Why It is Important to Diversify Your Teaching Staff


“I am, because, we are and not we are, because of me.”

Back in May, I had the privilege to travel to Boston and present at the Coalition of Schools Educating Boys of Color 12th Annual Conference. Teach Plus connected four policy fellows from three states to present at the conference about teacher recruitment and retention, specifically those of color. The participants in the workshop also did a deep dive into the article 9 Things Every Educator Should Know When Teaching Black Students.

As a facilitator, I appreciated the dialogue that centered around the importance of attracting and retaining educators of color. One participant provided clarity with this one thought: “It is not until schools see teachers of color as an asset where they will take this need as important.” What she meant was currently schools see diversifying the teacher staff more as a box to check than overall effectiveness and inclusion.

There were five key takeaways from the training that I want to share here. Perhaps they can be helpful to the next leader who is faced with diversifying their teaching staff:

  1. There are teachers of color all over this country who are qualified to teach in some of our country’s most challenging and difficult schools. They process the knowledge it takes to successfully serve as an example to their students while both increasing student achievement and teacher efficacy. These teachers are not hard to come by; you just have to know how to look for them.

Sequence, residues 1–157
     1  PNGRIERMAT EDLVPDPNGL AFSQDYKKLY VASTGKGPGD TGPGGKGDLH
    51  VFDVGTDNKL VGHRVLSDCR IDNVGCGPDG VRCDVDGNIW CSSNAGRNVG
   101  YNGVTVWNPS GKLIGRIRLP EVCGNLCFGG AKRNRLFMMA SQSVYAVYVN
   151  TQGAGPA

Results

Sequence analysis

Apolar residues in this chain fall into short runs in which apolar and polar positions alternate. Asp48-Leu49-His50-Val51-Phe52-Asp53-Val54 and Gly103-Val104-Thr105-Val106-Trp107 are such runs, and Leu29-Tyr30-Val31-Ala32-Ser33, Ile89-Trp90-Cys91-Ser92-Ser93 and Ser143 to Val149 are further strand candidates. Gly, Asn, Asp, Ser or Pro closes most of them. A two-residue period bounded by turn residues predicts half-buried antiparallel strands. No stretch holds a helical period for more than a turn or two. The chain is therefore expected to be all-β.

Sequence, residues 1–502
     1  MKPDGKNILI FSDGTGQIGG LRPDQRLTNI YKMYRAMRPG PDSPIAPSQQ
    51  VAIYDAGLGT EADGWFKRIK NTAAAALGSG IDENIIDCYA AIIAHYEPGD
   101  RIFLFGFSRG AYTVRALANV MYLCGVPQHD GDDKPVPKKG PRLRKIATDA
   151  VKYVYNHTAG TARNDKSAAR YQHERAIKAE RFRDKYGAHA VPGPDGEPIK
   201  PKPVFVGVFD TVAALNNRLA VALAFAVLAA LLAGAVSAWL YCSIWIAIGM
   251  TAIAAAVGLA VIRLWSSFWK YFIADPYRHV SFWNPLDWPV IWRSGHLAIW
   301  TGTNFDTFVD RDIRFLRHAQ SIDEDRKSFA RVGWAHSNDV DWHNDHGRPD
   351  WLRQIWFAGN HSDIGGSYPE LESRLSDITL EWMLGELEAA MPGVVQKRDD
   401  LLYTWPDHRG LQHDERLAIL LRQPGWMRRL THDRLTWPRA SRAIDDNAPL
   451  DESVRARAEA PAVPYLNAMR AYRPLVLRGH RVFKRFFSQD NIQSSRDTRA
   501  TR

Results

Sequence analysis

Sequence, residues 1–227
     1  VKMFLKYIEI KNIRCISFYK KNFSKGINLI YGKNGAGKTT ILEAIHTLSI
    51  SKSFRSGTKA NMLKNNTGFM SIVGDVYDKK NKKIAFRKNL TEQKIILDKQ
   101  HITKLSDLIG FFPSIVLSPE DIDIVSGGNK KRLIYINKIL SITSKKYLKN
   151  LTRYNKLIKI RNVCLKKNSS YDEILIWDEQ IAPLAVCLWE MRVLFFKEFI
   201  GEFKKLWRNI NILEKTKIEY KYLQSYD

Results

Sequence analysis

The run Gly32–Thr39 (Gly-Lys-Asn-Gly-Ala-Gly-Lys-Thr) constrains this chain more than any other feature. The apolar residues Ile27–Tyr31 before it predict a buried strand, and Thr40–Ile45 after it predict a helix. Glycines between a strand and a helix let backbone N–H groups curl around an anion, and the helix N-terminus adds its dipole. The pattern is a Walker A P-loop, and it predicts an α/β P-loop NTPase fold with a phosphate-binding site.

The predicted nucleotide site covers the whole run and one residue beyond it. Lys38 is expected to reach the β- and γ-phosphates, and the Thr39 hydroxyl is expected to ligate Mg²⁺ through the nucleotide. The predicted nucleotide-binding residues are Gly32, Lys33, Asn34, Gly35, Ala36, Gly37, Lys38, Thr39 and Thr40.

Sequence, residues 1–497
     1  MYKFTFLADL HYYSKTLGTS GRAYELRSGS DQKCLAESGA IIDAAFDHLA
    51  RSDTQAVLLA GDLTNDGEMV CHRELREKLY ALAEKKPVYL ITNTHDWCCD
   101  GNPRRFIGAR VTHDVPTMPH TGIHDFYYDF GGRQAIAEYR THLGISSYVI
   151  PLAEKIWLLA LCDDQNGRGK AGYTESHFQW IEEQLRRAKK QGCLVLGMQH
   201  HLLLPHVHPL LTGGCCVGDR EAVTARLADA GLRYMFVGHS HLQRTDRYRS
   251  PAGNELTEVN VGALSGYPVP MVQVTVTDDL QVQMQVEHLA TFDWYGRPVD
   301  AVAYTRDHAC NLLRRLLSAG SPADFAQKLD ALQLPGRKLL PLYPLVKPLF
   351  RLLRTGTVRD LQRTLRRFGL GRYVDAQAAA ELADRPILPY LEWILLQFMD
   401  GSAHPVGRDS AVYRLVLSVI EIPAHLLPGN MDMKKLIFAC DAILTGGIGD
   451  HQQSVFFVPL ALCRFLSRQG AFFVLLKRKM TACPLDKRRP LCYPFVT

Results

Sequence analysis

2. Teachers of color have a global mindset. Their classrooms are designed to expose students to experiences outside of their comfort zone.

  3. Teachers of color know their students well enough to assess when their experiencing issues that hinder their abilities to perform at their expected standards. When they notice this, they will take the necessary time to address those problems and help the students come up with solutions.

  4. Teachers of color understand they must work with others to develop a diverse educational “toolkit” that will support them throughout their teaching journey. They will utilize their knowledge and will also assist with the development of their peers.

  5. Teachers of color understand to be successful at their job they must conduct home visits, move around the classroom, sponsor school-related extracurricular activities, and attend non-school related extracurricular activities.

This, of course, isn’t an all-inclusive list, but it highlights the assets teachers of color bring to the school setting.



David McGuire

Mr. McGuire is a middle school teacher in Indianapolis, Teach Plus Policy Fellow, and currently enrolled in a doctoral program at Indiana State University for Educational Leadership. Driven by the lack of having an African American male teacher in his classrooms growing up, David helped launched the Educate ME Foundation, which is geared towards increasing the number of African American male teachers in the classroom. A born and raised Hoosier, he is dedicated to improving educational outcomes for all students in Indianapolis. He describes his educational beliefs as a reformer grounded in the best practices of traditional public schools, where he was mentored by strong leaders. David graduated from Central State University with a degree in English and also holds an MBA from Indiana Wesleyan University.